Engage Web November 2017 - Engage Web

Instagram preparing to give users a feature they crave

Posted on November 30, 2017

Popular photo-sharing platform Instagram is currently in the process of testing out several new features it could potentially add to the app, and this includes one of the most asked for features from users.

Instagrammers have been (more…)

Posted by Alan Littler

Four terrible Twitter blunders from MPs in the last week

Posted on November 29, 2017

We don’t know whether the upcoming pantomime season has gone to the heads of certain folks in Westminster, but the last few days have seen a spate of politicians make absolute wazzocks of themselves on social media.

In the U.S., Donald Trump’s tweets continue to frighten us, but MPs over here just tend to be a bit (more…)

Posted by John Murray

Twitter tests out new features

Posted on November 28, 2017

Microblogging site Twitter is continuing to change aspects of the platform by trialling a couple of new features.

The first feature being tested by (more…)

Posted by Alan Littler

Facebook looks at adopting another Snapchat feature

Posted on November 27, 2017

It would seem that social networking giant Facebook has not yet finished its war with photo-messaging platform Snapchat, as it begins to test another feature taken from the (more…)

Posted by Alan Littler

Have you been fooled by Russian Facebook propaganda?

Posted on November 24, 2017

Following Facebook’s recent admission that 126 million people have been subject to social media propaganda from the Kremlin, the site has revealed that it will be creating a page that will show users the phoney accounts they may have liked or followed.

Particularly in the U.S., many lawmakers have suggested that Russian-linked content appeared on Facebook and other social media sites in the run-up to (more…)

Posted by John Murray

BNI Education Slot: Know, Like & Trust

Posted on November 23, 2017

At this morning’s BNI meeting, in Chester, I presented a BNI ed slot on the subject of Know, Like and Trust. In order to receive referrals from other members, they need to know you, like you and trust you. How can you help them to do that within BNI?

Posted by Darren Jamieson

Study finds materialistic people have more friends on Facebook

Posted on November 23, 2017

According to a new study, people who value materialistic items are believed to have more friends on social networking site Facebook, and are more likely to devote more time to the platform in than those less motivated by their possessions.

The researchers behind the study suggest that materialistic people tend to view their Facebook connections as “digital objects” and are more likely to want to have more of them, leading them to use Facebook more frequently and more intensely than others.

Research agency Heliyon was behind the study, and also found that materialistic people have a desire or a need to make comparisons between themselves and those to whom they are connected on social media sites.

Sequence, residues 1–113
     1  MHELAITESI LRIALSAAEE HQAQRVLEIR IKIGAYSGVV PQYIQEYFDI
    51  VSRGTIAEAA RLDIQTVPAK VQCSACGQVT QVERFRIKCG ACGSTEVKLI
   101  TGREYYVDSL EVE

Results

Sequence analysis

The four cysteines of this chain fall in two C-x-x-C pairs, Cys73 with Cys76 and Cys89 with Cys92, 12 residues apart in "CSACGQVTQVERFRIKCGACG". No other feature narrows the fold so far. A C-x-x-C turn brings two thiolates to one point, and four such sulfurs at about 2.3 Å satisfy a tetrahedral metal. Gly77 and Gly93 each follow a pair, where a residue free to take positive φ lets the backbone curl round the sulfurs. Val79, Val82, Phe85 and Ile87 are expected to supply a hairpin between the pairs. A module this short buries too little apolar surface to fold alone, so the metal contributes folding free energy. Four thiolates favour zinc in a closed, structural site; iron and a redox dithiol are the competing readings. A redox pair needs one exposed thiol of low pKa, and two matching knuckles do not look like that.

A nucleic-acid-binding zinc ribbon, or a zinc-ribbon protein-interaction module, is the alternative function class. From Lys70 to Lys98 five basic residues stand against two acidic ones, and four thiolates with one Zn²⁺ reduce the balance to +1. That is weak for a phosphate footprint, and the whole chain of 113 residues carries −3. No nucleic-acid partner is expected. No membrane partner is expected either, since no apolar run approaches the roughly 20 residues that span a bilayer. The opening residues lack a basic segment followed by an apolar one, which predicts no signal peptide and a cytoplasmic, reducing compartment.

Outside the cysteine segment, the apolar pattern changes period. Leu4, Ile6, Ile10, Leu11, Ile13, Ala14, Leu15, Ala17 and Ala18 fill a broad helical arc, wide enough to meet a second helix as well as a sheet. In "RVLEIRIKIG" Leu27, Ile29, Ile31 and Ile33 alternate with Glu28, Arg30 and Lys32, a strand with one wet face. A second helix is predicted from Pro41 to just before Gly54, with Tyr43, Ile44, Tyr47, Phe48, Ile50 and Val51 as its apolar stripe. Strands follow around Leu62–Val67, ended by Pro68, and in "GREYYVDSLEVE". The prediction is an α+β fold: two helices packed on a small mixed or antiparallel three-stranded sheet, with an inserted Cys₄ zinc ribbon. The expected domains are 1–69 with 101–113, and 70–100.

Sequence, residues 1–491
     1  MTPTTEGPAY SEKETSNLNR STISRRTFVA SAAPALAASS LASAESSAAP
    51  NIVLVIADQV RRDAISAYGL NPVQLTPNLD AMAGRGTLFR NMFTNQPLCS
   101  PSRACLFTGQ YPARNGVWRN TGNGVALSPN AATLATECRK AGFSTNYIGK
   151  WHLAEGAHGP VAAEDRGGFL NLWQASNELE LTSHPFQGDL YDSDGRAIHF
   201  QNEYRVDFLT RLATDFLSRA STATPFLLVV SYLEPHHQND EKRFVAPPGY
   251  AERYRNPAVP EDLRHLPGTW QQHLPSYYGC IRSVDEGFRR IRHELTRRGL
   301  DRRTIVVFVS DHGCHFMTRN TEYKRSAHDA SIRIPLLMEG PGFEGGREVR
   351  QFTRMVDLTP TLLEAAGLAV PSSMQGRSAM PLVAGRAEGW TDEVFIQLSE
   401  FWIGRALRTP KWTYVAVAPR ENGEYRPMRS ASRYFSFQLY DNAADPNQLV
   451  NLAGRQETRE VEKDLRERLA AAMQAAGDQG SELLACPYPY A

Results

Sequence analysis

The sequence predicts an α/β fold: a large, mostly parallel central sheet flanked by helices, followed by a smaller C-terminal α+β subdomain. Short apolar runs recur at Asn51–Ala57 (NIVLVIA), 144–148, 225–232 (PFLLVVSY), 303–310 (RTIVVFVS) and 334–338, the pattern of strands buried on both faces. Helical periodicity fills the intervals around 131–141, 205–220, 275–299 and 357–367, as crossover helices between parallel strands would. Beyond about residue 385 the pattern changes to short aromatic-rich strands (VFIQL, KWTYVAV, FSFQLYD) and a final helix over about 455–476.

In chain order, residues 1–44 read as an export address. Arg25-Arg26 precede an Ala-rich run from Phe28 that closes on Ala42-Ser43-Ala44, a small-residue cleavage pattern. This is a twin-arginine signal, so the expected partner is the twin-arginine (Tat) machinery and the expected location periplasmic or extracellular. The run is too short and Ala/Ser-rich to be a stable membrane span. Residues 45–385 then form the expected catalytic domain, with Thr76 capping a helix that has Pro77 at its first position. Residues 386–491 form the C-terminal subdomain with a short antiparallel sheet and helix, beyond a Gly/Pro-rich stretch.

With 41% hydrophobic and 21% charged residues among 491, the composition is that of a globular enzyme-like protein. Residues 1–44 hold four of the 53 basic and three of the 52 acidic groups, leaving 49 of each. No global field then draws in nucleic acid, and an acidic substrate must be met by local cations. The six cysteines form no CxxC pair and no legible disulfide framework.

The lead author of the study was Phillip Ozimek and he suggested that the reason why materialists have an urge to collect friends on Facebook and other social networks is because they have a habit of objectifying them, and view them as possessions. By acquiring more friends, they increase the number of digital possessions they have, which is what ultimately drives a materialistic person.

Furthermore, Ozimek states that Facebook is the best platform for users to make these social comparisons as there are billions of different profiles on the site, each containing information about each user. What’s more, it’s also free to use, and one of the character traits of materialists is that they love tools and possessions that cost little or no money.

Ozimek’s research team conducted their study from the Ruhr-University in Bochum, Germany where they collected data from a total of 242 users of Facebook via a questionnaire. Each participant was asked to indicate whether they agreed with a number of different statements relating to their activity on the platform, as well as details about their views on the value of material possessions.

An example statement was:

“Having many Facebook friends contributes to more success in my personal and professional life.”

Another statement read:

“My life would be better if I owned certain things I don’t have.”

The study found that there was a strong link between intense levels of Facebook activity and materialism. To back up these hypotheses, the research team repeated the same process on a secondary sample of Facebook users, with a further 289 users taking part in the study. This led the team to come to the same conclusion.

Ozimek and his team compared the results to a theory that suggests that social media users use these platforms to monitor their progress in terms of achieving their goals.

Posted by Alan Littler

Five bygone relics of web design we don’t miss

Posted on November 22, 2017

I’ve been designing websites for nearly 20 years now, and I’ve seen the industry change quite significantly over that time. I thought it might be interesting to look at some of the techniques website designers would use (more…)

Posted by Darren Jamieson
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